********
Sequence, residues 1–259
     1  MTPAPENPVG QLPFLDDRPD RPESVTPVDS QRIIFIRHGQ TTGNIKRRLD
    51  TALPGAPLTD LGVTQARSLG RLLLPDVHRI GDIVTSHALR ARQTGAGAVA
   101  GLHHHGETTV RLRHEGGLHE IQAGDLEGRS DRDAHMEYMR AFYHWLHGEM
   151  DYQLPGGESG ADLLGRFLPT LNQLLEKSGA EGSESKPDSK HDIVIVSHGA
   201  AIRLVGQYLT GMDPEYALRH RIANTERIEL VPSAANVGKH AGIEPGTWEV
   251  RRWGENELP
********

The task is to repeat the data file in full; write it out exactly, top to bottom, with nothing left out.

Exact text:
Sequence, residues 1–259
     1  MTPAPENPVG QLPFLDDRPD RPESVTPVDS QRIIFIRHGQ TTGNIKRRLD
    51  TALPGAPLTD LGVTQARSLG RLLLPDVHRI GDIVTSHALR ARQTGAGAVA
   101  GLHHHGETTV RLRHEGGLHE IQAGDLEGRS DRDAHMEYMR AFYHWLHGEM
   151  DYQLPGGESG ADLLGRFLPT LNQLLEKSGA EGSESKPDSK HDIVIVSHGA
   201  AIRLVGQYLT GMDPEYALRH RIANTERIEL VPSAANVGKH AGIEPGTWEV
   251  RRWGENELP